I stand in the doorway, my hand gripping the grooved frame, gathering up peace until it covers me. This companionable ease is something Adam learned at school—a small, desperately needed place where there is no weird. The children at Dynamic-–the first charter school of its kind in our state, a school for middle and high school students with disabilities–understand each other uniquely, so much so that the older, more articulate students have been known to advocate aloud for their younger peers, interpreting when language becomes a barrier. In the last six months at Dynamic, Adam has shown more rapid social growth then I have ever seen in him before, and I know those gains have come because of the safe, comfortable influence of friends who understand how he ticks, who don’t see him as other, who appreciate all his idiosyncratic seams as the interesting elements of his personality. And I smile, thinking, just look what God has done.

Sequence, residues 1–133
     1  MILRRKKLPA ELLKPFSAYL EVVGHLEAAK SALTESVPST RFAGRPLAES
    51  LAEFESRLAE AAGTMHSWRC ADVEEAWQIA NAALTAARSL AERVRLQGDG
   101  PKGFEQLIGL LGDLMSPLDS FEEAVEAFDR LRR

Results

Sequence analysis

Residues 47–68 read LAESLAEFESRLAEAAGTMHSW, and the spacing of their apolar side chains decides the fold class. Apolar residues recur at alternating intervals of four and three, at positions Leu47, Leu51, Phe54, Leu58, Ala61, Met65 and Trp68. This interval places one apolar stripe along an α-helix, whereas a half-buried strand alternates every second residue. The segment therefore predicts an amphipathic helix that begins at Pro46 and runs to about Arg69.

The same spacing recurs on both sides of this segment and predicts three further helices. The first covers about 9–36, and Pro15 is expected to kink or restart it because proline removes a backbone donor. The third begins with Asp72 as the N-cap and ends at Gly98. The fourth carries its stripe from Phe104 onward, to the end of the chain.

Now, watching my children together, the way Riley breathes without trembling, I pray silently for the longevity of this school, for her ability to join Adam there next year. She could use some of the peace that has settled over her brother. I have been told that there’s just no right fit for her in traditional high school, that as the crowds and the overwhelming sensory quagmire and the language-heavy grading and the quick pace of the curriculum pile more and more stress on her shoulders, my only option is to choose between her anxiety and her future. I sigh, tightening my grip on the door frame. Riley laughs, telling Adam it’s his turn, gesturing toward the box. She made the A/B honor roll last quarter, and yet, they say that the only way to guard her against the anxiety she now feels over school is to choose not to let her pursue an academic diploma. No. There’s another option. Dynamic. Our exceptional children need more schools like this one. We must insist on their potential. See, I’ve gathered progress and possibility in these arms, and I’m not ready to let it fall.